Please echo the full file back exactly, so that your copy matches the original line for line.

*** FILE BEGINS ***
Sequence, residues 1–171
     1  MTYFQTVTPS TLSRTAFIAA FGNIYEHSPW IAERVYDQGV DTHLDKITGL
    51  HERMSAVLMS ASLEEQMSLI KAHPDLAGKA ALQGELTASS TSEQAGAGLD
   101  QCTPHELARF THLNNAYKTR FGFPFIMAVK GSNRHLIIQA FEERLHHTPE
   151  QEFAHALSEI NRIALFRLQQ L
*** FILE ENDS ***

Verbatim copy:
Sequence, residues 1–171
     1  MTYFQTVTPS TLSRTAFIAA FGNIYEHSPW IAERVYDQGV DTHLDKITGL
    51  HERMSAVLMS ASLEEQMSLI KAHPDLAGKA ALQGELTASS TSEQAGAGLD
   101  QCTPHELARF THLNNAYKTR FGFPFIMAVK GSNRHLIIQA FEERLHHTPE
   151  QEFAHALSEI NRIALFRLQQ L